Cold breakfast was available at the Brownstone. For almost two months everyone had to travel to the Ark for main meals. There were up to 225 co-opers coming to the Ark for dinner. Menus typically consisted of a vegetable, a salad, potatoes or pasta, a meat dish or a meat substitute, and a dessert. Textured vegetable protein (TVP) was introduced as a cost-cutting measure. In the past the co-op has hosted Food Not Bombs.
Later that year, the Democratic State Convention came to Austin. They had previously arranged to rent the whole Brownstone apartment building. Everyone had to vacate the Brownstone immediately. Since the new buildings were still not ready, some members moved in with friends and family. Some moved into the new, as yet unfinished building, which had no water or electricity. Showers were available on campus or with friends at the Ark.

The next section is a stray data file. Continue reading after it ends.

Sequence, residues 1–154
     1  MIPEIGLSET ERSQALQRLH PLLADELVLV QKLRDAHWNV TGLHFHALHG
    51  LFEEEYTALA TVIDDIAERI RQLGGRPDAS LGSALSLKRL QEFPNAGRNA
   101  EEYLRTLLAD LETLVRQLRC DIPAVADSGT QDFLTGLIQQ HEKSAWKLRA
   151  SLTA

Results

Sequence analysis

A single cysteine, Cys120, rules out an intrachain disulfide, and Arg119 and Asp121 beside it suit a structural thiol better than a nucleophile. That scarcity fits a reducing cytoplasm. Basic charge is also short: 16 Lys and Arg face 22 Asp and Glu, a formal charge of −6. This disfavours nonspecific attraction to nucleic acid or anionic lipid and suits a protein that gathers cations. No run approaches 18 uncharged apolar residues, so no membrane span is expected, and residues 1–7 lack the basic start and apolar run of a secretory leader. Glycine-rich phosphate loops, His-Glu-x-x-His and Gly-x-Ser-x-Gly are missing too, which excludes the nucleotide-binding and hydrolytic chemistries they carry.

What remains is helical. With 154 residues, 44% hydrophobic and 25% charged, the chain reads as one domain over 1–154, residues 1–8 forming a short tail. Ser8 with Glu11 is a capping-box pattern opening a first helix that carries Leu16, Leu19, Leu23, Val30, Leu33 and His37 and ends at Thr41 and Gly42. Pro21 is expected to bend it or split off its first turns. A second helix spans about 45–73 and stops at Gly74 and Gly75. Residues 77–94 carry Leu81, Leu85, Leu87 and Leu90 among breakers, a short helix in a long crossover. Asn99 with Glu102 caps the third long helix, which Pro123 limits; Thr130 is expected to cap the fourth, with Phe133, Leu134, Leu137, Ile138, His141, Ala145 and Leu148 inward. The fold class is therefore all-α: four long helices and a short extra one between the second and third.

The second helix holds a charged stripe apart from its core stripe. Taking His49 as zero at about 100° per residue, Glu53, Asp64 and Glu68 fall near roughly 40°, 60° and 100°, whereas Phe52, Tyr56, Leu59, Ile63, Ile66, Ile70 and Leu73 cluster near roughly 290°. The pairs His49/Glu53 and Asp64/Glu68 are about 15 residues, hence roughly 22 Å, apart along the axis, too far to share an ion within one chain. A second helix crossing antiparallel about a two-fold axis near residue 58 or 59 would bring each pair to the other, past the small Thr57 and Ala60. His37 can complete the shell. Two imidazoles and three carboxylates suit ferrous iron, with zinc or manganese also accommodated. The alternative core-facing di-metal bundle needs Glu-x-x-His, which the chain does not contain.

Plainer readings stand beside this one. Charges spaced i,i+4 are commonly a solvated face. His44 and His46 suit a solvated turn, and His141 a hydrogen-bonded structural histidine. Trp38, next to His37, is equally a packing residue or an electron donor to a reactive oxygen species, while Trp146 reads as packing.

The Kitchen Committee appointed Ann Hague to be the first Kitchen Manager. Ann went all over the city to buy the large appliances and all the tools needed to cook for and wash-up after a hundred co-opers. New wooden tables showed up. Before being used, the tables had to be coated with four layers of polyurethane. Each coat required a day to dry. Co-op volunteers had to sand the tables between coats and then carefully apply the next coat of polyurethane without causing bubbles.
In early November the buildings were officially opened. This day was celebrated at 21st Street College House for many years.